Do “Interactive” Educational Technologies Promote Interactive Literacy Instruction?




This article explores the concept of lesson interactivity within six primary and elementary teachers’ use of whole-class and personal digital devices over multiple lessons including Interactive Whiteboards, data projectors, laptop computers, and others. The analysis focuses on the differences between technical vs pedagogic interactivity (Smith, Higgins, Wall, & Miller, 2005) where technical interactivity refers to direct tactile interaction with technology and pedagogic interactivity refers to the interaction between teachers, students, and lesson content which may occur with or without technology use. Technical interactivity varied in duration between teachers and lessons, but teachers’ use of whole-class devices typically exceeded students’ use. Use of personal devices by students was infrequent, and often supported the content displayed on a whole-class device. In terms of pedagogic interactivity facilitated by technology use, the most frequent activities were teacher-directed questioning and guided practice, during which the teachers had a correct answer or method in mind. Use of deeper pedagogic interaction through discussion, student inquiry, or research were not observed. Teachers expressed that they faced barriers to interactive technology use including program and resource constraints as well as lack of teacher comfort with technology.  This research was conducted following Tri-Council guidelines for the Ethical Conduct of Research Involving Humans. It has passed the research ethics board of two universities and two school districts.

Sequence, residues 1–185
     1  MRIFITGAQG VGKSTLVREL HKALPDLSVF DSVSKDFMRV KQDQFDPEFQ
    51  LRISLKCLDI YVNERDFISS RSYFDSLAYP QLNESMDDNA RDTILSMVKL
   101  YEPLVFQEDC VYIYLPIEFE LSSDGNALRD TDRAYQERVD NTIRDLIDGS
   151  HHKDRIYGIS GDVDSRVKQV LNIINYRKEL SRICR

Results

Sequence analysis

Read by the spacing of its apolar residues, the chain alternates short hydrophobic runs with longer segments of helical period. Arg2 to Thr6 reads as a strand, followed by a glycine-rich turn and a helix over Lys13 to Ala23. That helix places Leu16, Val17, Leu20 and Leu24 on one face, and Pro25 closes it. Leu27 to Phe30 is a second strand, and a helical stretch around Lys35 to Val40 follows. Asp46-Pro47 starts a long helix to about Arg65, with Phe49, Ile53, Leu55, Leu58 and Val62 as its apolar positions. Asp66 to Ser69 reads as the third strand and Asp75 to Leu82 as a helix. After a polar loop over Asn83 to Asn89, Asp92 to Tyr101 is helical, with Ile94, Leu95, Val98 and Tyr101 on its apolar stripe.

Author Biography

Meridith Ann Lovell-Johnston, Lakehead University

Meridith Lovell-Johnston is an assistant professor in the Faculty of Education at Lakehead University’s Orillia Campus. Meridith graduated with her PhD in language and literacy from the University of Alberta in 2014. Her research areas include reading pedagogy and assessment and the integration of technology into teaching. Her most recent projects investigate the implementation of literacy and inquiry practices within the Full-Day Kindergarten model in Ontario and the development of self-regulation and literacy capacity amongst Indigenous children in Northern Ontario.




How to Cite

Lovell-Johnston, M. A. (2019). Do “Interactive” Educational Technologies Promote Interactive Literacy Instruction?. Language and Literacy, 21(3), 79–111.